996 Old Harrisburg Rd.,
Gettysburg, PA 17325

Seasonal Information

HomeSeasonal Information

Animal Hospital in Gettysburg PA

Seasonal Information

Holiday Decorations

Holiday decorations are a staple of the winter season. Whether it be dangling ornaments, tinsel and garlands or decorative plant life, it is important to make sure your pets are not overly interested in the decorations.

Ribbons and tinsel are especially attractive and hazardous to cats. Keep an eye on electrical cords and tree lights to insure puppies and kittens don’t chew on them. It is also wise to make sure that you place your most delicate ornaments at the top of the tree so that your pets cannot knock them off the tree and accidentally break them.

Mistletoe and holly can cause vomiting and lilies are often deadly to cats. Poinsettias, despite their reputation, are not deadly but can cause some an upset stomach. If you have more questions regarding potential hazards to your pet please check out: http://www.petpoisonhelpline.com

Holiday Foods

It's the holiday season and what do we desire the most? FOOD! And so does our furry family members. Here are some foods and spices to keep away from your pets.

  • Chocolate - Baker's, semisweet and other dark chocolate varieties are the most dangerous. It can cause vomiting, hypertension, abnormal heartbeat and seizures. Keep all types of chocolate away from your pet.
  • Nutmeg - Small amounts of nutmeg may not cause any problems. Large amounts may cause mildly upset stomach, hallucinations, disorientation, increased heart rate, high blood pressure, dry mouth, abdominal pain, or seizures.
  • Cinnamon - A small amount of cinnamon powder will most likely not cause any problems but cinnamon essential oil—a common ingredient in holiday items like candles, soaps, wreaths and ornaments—can be an issue. If ingested in any of these forms may cause blisters in the mouth, vomiting and diarrhea.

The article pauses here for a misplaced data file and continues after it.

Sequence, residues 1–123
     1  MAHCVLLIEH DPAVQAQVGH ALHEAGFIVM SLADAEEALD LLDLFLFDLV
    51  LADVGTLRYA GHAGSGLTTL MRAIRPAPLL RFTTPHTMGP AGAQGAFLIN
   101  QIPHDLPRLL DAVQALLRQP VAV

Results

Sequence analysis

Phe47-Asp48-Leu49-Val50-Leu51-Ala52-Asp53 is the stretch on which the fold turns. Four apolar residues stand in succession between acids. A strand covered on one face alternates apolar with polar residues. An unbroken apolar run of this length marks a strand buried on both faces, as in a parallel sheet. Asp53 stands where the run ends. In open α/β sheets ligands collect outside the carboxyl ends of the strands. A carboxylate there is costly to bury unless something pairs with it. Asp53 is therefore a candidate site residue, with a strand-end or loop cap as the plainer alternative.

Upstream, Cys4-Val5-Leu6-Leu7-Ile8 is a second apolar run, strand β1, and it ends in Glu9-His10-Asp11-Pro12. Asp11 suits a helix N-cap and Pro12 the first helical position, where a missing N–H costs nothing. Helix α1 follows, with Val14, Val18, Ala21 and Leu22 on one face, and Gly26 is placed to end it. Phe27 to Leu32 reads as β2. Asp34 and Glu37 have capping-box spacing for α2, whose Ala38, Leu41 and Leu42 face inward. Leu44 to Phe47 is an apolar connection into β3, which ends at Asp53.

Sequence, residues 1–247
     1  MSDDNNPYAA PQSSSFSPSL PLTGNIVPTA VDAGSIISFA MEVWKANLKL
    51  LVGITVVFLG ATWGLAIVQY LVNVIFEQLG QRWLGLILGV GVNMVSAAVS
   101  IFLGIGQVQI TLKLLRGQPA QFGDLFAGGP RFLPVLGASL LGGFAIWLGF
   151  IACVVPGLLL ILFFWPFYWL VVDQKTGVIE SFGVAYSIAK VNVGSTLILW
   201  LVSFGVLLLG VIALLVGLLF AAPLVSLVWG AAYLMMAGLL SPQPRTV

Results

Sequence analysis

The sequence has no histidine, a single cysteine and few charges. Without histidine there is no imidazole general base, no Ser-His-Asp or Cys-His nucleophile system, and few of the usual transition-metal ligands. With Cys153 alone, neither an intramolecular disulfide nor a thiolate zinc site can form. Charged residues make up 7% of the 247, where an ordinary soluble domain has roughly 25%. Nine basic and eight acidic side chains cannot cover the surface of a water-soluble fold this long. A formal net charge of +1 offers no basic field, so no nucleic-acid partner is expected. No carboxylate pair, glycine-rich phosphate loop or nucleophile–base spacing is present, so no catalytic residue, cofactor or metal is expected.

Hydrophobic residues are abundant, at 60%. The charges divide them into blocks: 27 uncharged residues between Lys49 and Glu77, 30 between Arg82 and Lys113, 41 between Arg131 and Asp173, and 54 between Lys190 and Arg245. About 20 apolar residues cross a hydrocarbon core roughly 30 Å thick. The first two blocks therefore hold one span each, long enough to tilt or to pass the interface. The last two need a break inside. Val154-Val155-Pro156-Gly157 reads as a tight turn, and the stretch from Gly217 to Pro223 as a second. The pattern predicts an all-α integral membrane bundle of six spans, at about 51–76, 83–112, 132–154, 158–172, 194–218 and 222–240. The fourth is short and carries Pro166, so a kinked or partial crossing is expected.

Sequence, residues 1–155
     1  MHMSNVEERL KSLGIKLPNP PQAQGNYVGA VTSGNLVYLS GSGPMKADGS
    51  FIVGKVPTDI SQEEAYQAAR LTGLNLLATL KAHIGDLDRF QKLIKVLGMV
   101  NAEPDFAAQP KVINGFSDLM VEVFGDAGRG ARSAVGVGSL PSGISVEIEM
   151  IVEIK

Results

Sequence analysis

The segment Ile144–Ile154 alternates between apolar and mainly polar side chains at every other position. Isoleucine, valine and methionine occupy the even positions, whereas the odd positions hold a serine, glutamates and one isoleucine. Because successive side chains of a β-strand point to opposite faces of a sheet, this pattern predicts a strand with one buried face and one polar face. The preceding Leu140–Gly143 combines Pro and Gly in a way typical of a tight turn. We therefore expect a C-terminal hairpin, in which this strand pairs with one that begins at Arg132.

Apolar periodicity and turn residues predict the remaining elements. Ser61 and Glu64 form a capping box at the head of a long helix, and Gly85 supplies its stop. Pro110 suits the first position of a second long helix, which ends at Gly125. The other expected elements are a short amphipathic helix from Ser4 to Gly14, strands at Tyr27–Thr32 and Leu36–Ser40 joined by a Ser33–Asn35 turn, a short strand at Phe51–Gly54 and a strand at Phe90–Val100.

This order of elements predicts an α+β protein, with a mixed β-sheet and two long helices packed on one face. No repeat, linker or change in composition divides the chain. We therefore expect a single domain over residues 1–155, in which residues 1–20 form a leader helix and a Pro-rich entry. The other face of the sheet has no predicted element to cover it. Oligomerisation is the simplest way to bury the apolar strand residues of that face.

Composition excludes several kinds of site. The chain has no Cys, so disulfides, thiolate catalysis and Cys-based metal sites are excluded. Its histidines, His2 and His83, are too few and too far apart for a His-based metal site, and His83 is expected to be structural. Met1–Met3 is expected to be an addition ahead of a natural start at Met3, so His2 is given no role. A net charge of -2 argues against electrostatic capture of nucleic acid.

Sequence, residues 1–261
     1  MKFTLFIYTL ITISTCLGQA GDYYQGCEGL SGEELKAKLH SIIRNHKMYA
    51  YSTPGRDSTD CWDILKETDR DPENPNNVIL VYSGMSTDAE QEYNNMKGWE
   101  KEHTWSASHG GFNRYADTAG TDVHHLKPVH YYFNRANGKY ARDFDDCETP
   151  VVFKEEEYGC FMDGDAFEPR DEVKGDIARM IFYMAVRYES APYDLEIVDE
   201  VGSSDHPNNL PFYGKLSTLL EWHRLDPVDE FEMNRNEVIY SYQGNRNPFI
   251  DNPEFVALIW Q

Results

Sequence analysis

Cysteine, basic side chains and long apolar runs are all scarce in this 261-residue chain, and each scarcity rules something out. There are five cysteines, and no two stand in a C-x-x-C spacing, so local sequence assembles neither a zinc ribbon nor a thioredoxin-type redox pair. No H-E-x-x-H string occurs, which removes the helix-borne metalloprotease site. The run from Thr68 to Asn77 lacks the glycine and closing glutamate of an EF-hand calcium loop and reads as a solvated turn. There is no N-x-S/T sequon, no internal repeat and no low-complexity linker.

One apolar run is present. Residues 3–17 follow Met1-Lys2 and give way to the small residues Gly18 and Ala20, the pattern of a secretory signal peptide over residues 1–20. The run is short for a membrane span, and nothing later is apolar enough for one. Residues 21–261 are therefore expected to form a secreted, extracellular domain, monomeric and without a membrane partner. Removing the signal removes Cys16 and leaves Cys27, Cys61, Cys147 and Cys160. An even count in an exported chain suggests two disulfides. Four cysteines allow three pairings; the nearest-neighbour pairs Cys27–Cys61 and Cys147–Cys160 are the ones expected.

• Garlic and Onions - Cats tend to have more problems with these two then dogs, but can still be harmful if ingested. If your pet ingests an onion or a few cloves of garlic it may cause vomiting, diarrhea, increased heart rate and lethargy. Your cat is sensitive to garlic. One concern is red blood cell damage, which can lead to Anemia.
  • Salt - Ingesting to much salt may cause increased thirst, vomiting, diarrhea, a lack of coordination, lethergy, confusion or seizures.
  • Xylitol - Xylitol is a sugar substitute and is found in most sugar-free foods like chewing gum, candy, peanut butter and other foods. It can cause low blood sugar and liver toxicity in dogs. Make sure to read the labels of any treats you may give to your pet.

New Year’s Weight Loss

As the New Year begins, everyone is working on their New Year’s resolutions. One of the most common resolutions is weight loss. Let’s not forget to add our overweight pets into that plan. As reward-based training becomes more popular, so does pet obesity. This is a serious issue and obesity is a leading contributor to diabetes in pets. Overeating, a predisposition for obesity, lack of exercise and eating the wrong types of food are the most likely causes of your pet’s weight gain. Overweight pets may be suffering physically as a result of carrying the extra weight, and obese pets, like obese humans, do not live as long as their more active and weight appropriate counterparts. Obesity in pets is a condition over which the owner has significant control.

How Can I Help My Dog Lose Weight?

Although some dogs are prone to overeating, there are still steps you can take to minimize the weight gain. Feed your pet less food (try 3 small meals per day instead of one large one), minimize treats and snacks, and increase your pet’s physical exercise. Try taking them for more walks whether they be longer walks or more short walks throughout the day.

Call us today for more weight loss techniques and to discuss your pet’s nutritional health needs. We will partner with you to design a program to help your pet lose weight!